Health

Medi watch

PUBLISHED : Monday, 04 June, 2007, 12:00am
UPDATED : Monday, 04 June, 2007, 12:00am

Jetlagged hamsters on Viagra


The male impotence drug Viagra may be useful in treating jetlag (but only if you're heading east) and may also help ease problems associated with shift work. In studies by Universidad Nacional de Quilmes in Buenos Aires, hamsters given low doses of sildenafil (sold as Viagra) recovered from disruptions to their circadian rhythms as much as 50 per cent faster than those who weren't. Team leader Diego Golombek says sildenafil works at least as well as the natural jetlag treatment melatonin. Among other things, Viagra interferes with a molecule involved in the brain's body clock mechanism, healthday.com reports. However, it can cause side effects such as low blood pressure.


Mice point the way to baldness cure


American researchers have successfully grown new hair follicles in mice, pointing the way to a genetically based remedy for hair loss, as well as the treatment of wounds and other degenerative diseases. Although human and mouse skin heal differently, the University of Pennsylvania researchers say the 'unexpected findings could change our understanding of regeneration in adult mammals'. It's long been assumed that mammalian hair follicles were non-renewable, AFP reports. The researchers identified a gene that's essential for hair development, called Wnt, and were able to stimulate or stop hair growth by turning it on or off.


Mouthing off about tobacco hazards


Smoking is the most damaging lifestyle factor involved in worsening periodontal disease, which has been linked to serious health issues, including heart disease. Not getting enough sleep was the second worst, a four-year study by Osaka University of more than 200 factory workers has found. Researchers also examined the effects on oral health of physical exercise, alcohol use, diet, stress and working hours. Periodontal disease, which affects the teeth and gums, is thought to be caused by an imbalance of bacteria in the mouth, WebMD reports. But recent research suggests that other factors may be involved.


Lest we forget about passive smokers


People who have lived with a smoker for more than 30 years are about 30 per cent more likely to develop dementia than those who have never lived with a smoker. They're also at risk of heart attack or stroke or developing clots in their leg arteries, according to studies of almost 1,000 elderly people by the University of California at Berkeley, WebMD reports. Despite the link, researchers say the study doesn't prove that passive smoking causes memory disorders.


Danger smoulders for abstainers


Up to 100,000 Chinese die each year from diseases associated with passive smoking, with more than half a billion suffering various ill effects. Fewer than four out of 10 people surveyed by the Ministry of Health realised the dangers of passive smoking, Reuters reports, quoting the Xinhua news agency.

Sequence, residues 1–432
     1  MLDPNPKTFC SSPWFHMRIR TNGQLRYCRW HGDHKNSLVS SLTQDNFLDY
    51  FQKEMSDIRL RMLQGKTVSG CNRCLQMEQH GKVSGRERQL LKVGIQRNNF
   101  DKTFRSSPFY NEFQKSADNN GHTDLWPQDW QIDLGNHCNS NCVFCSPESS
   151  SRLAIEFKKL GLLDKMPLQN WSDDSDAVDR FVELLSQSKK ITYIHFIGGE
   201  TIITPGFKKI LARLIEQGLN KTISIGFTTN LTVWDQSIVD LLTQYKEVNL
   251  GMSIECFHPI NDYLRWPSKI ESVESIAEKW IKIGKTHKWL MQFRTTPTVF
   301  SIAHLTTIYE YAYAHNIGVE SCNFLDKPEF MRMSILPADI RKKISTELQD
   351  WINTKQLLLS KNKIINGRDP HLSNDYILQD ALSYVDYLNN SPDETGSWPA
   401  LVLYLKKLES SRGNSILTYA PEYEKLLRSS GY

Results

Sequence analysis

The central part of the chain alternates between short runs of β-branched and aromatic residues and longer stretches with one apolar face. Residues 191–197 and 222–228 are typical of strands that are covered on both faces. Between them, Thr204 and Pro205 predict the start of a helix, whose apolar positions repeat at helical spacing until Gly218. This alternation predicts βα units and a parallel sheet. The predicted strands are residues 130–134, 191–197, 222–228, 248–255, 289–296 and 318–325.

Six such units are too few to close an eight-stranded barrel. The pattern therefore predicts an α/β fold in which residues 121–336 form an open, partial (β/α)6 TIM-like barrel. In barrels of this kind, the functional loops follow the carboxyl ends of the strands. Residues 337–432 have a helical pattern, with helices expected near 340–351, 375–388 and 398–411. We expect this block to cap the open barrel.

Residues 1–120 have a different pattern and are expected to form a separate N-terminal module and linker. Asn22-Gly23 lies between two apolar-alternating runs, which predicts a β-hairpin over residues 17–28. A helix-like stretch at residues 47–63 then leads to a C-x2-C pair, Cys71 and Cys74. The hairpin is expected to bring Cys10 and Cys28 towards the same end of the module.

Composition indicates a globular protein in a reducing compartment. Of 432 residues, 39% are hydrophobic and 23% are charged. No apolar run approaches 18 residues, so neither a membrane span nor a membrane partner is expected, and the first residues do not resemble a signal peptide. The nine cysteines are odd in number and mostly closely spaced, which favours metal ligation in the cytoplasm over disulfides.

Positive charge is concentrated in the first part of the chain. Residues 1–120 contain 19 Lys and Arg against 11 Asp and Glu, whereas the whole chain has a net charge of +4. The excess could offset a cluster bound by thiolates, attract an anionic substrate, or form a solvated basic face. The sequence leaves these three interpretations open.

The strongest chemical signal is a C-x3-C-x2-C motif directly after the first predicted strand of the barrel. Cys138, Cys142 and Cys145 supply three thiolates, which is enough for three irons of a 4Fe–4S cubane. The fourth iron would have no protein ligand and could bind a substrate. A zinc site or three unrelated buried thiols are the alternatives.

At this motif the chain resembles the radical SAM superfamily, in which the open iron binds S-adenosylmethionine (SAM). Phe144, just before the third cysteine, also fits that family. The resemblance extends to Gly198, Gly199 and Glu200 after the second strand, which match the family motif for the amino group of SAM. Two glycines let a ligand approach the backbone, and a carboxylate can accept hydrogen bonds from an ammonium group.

Brainy approach to bowel problem


Hypnotherapy, anti-depressants and other mind-focused treatments may help people suffering severe irritable bowel syndrome (IBS), British researchers have found - even though the disorder isn't psychological. 'In part, the symptoms are similar to those you find in depression, so things that work for depression work for it,' says Bu'Hussain Hayee, of University College Hospital in London, who co-authored a survey of previous studies and findings. IBS sufferers 'are not depressed, but the treatments work', he says. At some stage, as many as one in five adults in the US will suffer one or more symptoms of IBS, which can include cramping, bloating, constipation and diarrhoea, healthday.com reports.


Cholesterol shapes up


Regular exercise appears to help boost levels of so-called good cholesterol - with duration, rather than frequency or intensity, being the crucial factor. About 120 minutes a week or 900 calories burned is the minimum required to change high-density lipoprotein (HDL) cholesterol levels, according to analysis by Japanese researchers of 25 studies involving more than 1,400 people. The resulting boost in HDL levels reduces the risk of cardiovascular disease by about 5 per cent in men and 7.5 per cent in women, healthday.com reports.


Coffee guards against gout


Drinking four or more cups of coffee a day appears to significantly reduce the risk of developing gout, a form of inflammatory arthritis in men caused by too much uric acid in the joints. A 12-year US-Canadian study of more than 46,000 men found that those who drank six or more cups a day were 59 per cent less likely to develop gout than those who never drank coffee. The risk for men who had four to five cups a day was 40 per cent lower. Decaffeinated coffee offered less protection, but the researchers say another ingredient - such as an antioxidant called phenol chlorogenic acid - is likely to be the key, healthday.com reports.


Jason Sankey is a tennis professional